Expedition 46 Soyuz Commander Yuri Malenchenko and flight engineers Tim Kopra of NASA, center, and Tim Peake of ESA farewell prior to boarding the Soyuz TMA-19M rocket for launch Dec. 15 from Baikonur Cosmodrome. These three astronauts will make their way back to earth this evening. Credit: NASA/Joel Kowsky

A Soyuz spacecraft carrying three ISS crew members will return to Earth late tonight.

The Soyuz TMA-19M spacecraft is scheduled to undock from the station at 1:52 a.m. Eastern Saturday, landing in Kazakhstan at 5:15 a.m. Eastern.

The Soyuz will return to Earth Yuri Malenchenko, Tim Kopra and Tim Peake after 186 days in space.

Three new ISS crew members will launch to the station in early July. [BBC]

More News

NASA Administrator Charles Bolden made a pitch to European Space Agency member nations to continue their participation on the ISS. Bolden, speaking at a meeting of the ESA Council in Paris this week, made an “impassioned plea” to them to extend their participation in the station to at least 2024. ESA is the only ISS partner yet to agree to that extension, and a formal decision on an extension won’t be made until a ministerial meeting late this year. [SpaceNews]

The return to flight of Orbital ATK’s Antares launch vehicle is likely to slip to August. The company said Thursday that it is now planning the launch of a Cygnus spacecraft to the ISS for “the August timeframe,” rather than July as previously planned. The company did not indicate if the delay was primarily due to the schedule of other spacecraft visiting the ISS in July or issues uncovered during a static fire test of an Antares first stage at the end of May. The launch will be the first of a new version of the rocket that replaces the AJ26 engine in its first stage with an RD-181. [SpaceNews]

Blue Origin has postponed the next suborbital test flight of its New Shepard vehicle to Sunday. The launch was scheduled for Friday, but company founder Jeff Bezos tweeted Thursday the company delayed the launch to replace a leaking O-ring in the nitrogen gas pressurization system in the vehicle’s crew capsule. The launch will be webcast on Blue Origin’s website, the first time it has offered a live broadcast of a test flight. [GeekWire]

The Canadian Space Agency will make an announcement today about the future of its astronaut program. The announcement, scheduled for 9 a.m. Eastern in Ottawa, will include government officials and the country’s two active astronauts. Some speculate the announcement will unveil a new astronaut selection round. Canada recently announced that one astronaut, David Saint-Jacques, would fly to the ISS in 2018, while the other, Jeremy Hansen, has yet to fly in space. [SpaceRef Canada]

The House approved a defense spending bill that cuts funding for the EELV program. The full house voted 282-138 Thursday to approve the fiscal year 2018 defense appropriations bill. The bill funds only three EELV launches instead of the five requested by the administration, saying the two it cut were “early to need.” The administration, in a statement threatening to veto the bill, argued the bill actually cut three, not two, launches from the request. [SpacePolicyOnline]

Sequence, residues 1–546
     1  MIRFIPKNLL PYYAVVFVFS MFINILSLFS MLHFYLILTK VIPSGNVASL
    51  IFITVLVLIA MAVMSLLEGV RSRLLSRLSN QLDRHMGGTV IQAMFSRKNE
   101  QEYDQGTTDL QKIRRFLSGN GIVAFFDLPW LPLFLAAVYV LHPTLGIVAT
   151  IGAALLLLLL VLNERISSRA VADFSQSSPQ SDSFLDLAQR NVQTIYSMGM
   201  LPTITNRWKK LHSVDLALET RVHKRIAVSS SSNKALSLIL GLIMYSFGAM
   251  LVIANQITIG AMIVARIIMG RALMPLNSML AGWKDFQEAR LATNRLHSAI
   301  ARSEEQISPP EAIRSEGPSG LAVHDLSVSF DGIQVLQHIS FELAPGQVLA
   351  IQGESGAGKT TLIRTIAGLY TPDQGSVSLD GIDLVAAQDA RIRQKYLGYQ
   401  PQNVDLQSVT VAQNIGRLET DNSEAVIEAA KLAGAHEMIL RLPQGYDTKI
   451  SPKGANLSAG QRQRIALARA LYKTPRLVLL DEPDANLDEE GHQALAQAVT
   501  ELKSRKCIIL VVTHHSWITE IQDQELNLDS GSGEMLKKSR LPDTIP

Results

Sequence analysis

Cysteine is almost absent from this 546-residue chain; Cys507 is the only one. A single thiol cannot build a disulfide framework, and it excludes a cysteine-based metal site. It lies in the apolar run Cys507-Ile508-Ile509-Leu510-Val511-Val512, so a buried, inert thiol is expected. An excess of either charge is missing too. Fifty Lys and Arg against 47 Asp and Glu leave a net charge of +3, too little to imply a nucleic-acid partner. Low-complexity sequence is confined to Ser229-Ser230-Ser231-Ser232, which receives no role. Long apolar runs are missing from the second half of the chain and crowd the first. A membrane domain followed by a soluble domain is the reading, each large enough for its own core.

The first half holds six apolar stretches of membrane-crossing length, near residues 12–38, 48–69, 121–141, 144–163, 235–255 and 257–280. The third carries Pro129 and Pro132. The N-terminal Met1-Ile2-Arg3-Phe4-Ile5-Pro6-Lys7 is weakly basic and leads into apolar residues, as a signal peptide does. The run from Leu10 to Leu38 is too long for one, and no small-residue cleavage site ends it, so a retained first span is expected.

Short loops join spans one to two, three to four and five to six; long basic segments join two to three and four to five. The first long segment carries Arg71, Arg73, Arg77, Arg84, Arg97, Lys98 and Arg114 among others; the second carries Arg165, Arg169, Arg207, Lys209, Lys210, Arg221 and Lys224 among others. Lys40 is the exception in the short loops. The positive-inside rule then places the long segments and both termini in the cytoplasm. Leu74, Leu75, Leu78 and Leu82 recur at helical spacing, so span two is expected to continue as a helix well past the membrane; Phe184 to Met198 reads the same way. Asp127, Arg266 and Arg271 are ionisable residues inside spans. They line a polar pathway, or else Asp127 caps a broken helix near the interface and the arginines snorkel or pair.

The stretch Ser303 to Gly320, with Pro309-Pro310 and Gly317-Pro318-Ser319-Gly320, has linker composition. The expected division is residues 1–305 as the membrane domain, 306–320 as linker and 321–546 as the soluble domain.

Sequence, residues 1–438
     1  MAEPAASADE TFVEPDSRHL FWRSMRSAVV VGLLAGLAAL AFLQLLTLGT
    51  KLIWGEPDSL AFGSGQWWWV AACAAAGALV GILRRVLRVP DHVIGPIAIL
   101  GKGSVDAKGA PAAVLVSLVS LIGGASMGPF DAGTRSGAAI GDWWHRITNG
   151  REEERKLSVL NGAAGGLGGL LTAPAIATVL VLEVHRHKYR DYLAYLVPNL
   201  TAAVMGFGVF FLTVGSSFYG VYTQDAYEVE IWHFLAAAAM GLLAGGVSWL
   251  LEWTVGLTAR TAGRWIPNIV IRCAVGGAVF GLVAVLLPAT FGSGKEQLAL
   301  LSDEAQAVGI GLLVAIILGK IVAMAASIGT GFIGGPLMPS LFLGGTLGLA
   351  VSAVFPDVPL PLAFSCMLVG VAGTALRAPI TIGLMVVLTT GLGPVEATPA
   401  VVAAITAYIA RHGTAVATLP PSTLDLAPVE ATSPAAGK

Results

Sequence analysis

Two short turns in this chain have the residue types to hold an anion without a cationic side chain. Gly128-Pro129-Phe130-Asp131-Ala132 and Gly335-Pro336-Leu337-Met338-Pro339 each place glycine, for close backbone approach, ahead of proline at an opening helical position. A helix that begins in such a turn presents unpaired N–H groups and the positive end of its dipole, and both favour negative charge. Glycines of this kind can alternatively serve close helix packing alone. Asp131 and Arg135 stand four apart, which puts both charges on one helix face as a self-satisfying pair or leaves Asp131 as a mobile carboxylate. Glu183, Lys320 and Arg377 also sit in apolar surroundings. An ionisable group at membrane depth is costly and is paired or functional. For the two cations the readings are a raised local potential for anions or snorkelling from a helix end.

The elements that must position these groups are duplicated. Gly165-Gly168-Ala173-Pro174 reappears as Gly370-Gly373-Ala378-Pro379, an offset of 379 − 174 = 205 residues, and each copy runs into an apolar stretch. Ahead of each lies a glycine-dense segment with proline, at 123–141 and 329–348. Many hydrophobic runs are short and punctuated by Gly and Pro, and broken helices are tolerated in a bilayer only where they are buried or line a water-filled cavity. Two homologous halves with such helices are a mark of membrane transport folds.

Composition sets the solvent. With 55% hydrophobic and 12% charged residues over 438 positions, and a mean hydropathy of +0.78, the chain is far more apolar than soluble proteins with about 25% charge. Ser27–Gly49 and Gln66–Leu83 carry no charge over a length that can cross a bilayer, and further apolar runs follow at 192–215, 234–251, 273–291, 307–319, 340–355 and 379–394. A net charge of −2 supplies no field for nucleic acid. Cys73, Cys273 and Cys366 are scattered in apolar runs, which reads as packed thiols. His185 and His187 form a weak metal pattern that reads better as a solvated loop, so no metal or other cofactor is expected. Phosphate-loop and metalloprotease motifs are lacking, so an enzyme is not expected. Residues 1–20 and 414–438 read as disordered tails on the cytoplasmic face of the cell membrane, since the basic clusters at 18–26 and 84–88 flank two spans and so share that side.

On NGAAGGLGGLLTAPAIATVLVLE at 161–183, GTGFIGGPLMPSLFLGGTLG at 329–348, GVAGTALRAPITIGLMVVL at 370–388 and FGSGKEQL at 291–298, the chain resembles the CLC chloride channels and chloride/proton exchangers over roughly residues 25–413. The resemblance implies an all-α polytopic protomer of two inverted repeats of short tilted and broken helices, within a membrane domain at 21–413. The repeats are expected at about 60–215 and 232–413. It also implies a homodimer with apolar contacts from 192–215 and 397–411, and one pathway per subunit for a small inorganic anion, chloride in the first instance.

Elon Musk offered more details about Wednesday’s failed landing of a Falcon 9 first stage. Musk, in a series of tweets, said “early liquid oxygen depletion” caused an engine shutdown just before the stage landed on the deck of its autonomous spaceport drone ship in the Atlantic. The landing, he said, was not as fast as originally thought, but still broke the stage apart and caused the engines to “accordion.” Musk reiterated he expects about a 70 percent success rate in landings this year; so far, it is at 50 percent (3 for 6). [The Verge]

NASA’s Juno spacecraft is set to enter orbit around Jupiter on July 4, project leaders said Thursday. Juno will fire its main engine for 35 minutes late that day, slowing the spacecraft enough to enter into a polar orbit around Jupiter. Juno, launched in 2011, is a mission to better understand the origin and evolution of Jupiter by studying its interior. Juno is shielded to protect key systems from the powerful radiation environment close to Jupiter, but its mission is expected to last less than two years. [CBS]

Chinese officials say they’re ready for commercial space efforts to take a larger role there. At the first China Space Economic Forum, held Thursday in Beijing, Tian Yulong, the general secretary of the China National Space Administration, said military and other government officials are discussing ways to share existing resources with companies. He added that many resources were ready now for commercial development. [Xinhua]

A small asteroid is a “quasi-moon” of Earth. Planetary scientists said this week that a newly discovered asteroid, 2016 HO3, is in an orbit around the sun that keeps it in the vicinity of the Earth, between 15 and 39 million kilometers away. The asteroid, up to 100 meters across, likely has been a quasi-moon of the Earth for at least a century, and should remain so for centuries to come. [SPACE.com]

Jeff Foust writes about space policy, commercial space, and related topics for SpaceNews. He earned a Ph.D. in planetary sciences from the Massachusetts Institute of Technology and a bachelor’s degree with honors in geophysics and planetary science...